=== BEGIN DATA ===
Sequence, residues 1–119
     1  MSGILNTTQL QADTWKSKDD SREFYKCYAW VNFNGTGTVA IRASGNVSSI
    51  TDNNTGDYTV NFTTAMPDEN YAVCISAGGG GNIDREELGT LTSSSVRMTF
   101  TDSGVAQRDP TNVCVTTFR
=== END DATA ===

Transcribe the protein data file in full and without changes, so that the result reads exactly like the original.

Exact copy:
Sequence, residues 1–119
     1  MSGILNTTQL QADTWKSKDD SREFYKCYAW VNFNGTGTVA IRASGNVSSI
    51  TDNNTGDYTV NFTTAMPDEN YAVCISAGGG GNIDREELGT LTSSSVRMTF
   101  TDSGVAQRDP TNVCVTTFR